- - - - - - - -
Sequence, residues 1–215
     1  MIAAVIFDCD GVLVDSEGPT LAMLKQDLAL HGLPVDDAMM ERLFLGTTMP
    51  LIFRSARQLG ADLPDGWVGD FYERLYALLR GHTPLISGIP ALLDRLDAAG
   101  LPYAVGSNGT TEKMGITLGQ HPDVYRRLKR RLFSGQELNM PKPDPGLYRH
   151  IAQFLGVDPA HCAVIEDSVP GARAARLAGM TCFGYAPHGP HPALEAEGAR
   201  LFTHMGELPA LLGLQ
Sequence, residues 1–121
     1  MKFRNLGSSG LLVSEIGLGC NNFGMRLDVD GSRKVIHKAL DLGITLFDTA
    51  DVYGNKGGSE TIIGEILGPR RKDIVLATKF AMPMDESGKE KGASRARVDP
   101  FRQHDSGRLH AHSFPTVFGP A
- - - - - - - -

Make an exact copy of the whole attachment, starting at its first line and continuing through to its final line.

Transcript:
Sequence, residues 1–215
     1  MIAAVIFDCD GVLVDSEGPT LAMLKQDLAL HGLPVDDAMM ERLFLGTTMP
    51  LIFRSARQLG ADLPDGWVGD FYERLYALLR GHTPLISGIP ALLDRLDAAG
   101  LPYAVGSNGT TEKMGITLGQ HPDVYRRLKR RLFSGQELNM PKPDPGLYRH
   151  IAQFLGVDPA HCAVIEDSVP GARAARLAGM TCFGYAPHGP HPALEAEGAR
   201  LFTHMGELPA LLGLQ
Sequence, residues 1–121
     1  MKFRNLGSSG LLVSEIGLGC NNFGMRLDVD GSRKVIHKAL DLGITLFDTA
    51  DVYGNKGGSE TIIGEILGPR RKDIVLATKF AMPMDESGKE KGASRARVDP
   101  FRQHDSGRLH AHSFPTVFGP A